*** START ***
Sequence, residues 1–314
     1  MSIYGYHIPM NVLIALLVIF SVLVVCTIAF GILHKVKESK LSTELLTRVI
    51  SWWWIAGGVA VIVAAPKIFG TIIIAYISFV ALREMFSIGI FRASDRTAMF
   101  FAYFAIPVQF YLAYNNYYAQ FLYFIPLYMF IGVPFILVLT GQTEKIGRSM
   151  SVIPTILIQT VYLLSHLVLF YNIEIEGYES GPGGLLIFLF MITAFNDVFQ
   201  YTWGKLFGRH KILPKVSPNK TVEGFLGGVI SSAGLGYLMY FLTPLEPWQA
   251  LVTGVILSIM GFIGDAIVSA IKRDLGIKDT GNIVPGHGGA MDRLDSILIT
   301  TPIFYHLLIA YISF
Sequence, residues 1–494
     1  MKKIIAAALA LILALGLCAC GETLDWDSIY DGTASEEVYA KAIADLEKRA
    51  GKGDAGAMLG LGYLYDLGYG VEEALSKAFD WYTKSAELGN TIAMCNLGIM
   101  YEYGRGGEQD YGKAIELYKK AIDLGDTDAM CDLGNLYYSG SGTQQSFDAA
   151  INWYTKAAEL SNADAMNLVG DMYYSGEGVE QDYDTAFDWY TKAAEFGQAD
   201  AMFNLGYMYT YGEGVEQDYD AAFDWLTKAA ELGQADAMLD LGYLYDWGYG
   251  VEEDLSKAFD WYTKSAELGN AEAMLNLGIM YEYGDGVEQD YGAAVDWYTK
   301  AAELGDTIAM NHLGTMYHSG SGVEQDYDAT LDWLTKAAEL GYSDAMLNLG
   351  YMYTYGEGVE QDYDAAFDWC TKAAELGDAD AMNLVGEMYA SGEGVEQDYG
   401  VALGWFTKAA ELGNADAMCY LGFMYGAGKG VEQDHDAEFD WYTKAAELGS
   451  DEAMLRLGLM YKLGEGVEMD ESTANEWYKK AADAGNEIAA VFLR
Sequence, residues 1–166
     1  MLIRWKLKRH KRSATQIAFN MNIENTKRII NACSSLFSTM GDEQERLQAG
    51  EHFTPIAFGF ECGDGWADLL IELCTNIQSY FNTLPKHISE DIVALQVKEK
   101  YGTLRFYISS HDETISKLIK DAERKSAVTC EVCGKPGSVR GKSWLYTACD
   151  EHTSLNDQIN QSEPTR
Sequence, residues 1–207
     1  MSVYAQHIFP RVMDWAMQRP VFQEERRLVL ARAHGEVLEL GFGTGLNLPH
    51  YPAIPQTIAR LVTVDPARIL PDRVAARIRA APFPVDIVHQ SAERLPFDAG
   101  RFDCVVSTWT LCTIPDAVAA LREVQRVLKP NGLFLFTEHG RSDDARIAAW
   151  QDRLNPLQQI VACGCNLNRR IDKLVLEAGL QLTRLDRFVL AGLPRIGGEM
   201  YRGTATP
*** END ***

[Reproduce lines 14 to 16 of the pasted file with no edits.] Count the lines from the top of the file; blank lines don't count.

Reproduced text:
   201  AMFNLGYMYT YGEGVEQDYD AAFDWLTKAA ELGQADAMLD LGYLYDWGYG
   251  VEEDLSKAFD WYTKSAELGN AEAMLNLGIM YEYGDGVEQD YGAAVDWYTK
   301  AAELGDTIAM NHLGTMYHSG SGVEQDYDAT LDWLTKAAEL GYSDAMLNLG